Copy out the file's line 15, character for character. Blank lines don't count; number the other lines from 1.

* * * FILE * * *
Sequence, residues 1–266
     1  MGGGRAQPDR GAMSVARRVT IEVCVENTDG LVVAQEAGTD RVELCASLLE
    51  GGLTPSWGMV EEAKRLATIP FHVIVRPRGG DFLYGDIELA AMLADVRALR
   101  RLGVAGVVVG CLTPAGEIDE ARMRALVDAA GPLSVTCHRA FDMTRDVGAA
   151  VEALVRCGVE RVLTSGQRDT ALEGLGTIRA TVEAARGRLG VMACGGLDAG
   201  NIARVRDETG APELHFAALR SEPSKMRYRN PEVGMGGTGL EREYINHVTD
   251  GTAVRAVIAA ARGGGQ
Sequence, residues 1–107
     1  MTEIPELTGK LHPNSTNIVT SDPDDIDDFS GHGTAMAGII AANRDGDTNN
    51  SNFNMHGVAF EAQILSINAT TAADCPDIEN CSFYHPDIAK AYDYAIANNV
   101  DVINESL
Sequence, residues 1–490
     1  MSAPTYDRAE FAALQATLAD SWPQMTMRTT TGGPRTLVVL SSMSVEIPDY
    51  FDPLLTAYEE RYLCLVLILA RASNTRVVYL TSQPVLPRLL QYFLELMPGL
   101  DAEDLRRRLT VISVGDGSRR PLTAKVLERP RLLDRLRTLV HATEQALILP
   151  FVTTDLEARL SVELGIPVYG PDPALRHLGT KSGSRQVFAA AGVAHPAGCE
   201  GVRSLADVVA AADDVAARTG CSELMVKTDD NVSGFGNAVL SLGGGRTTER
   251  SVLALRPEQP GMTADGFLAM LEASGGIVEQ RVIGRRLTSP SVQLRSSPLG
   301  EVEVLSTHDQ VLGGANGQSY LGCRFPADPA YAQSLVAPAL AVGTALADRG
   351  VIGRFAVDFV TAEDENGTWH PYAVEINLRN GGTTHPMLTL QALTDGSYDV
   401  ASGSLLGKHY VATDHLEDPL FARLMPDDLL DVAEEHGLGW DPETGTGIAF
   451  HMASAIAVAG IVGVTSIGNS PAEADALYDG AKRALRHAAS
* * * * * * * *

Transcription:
   101  DAEDLRRRLT VISVGDGSRR PLTAKVLERP RLLDRLRTLV HATEQALILP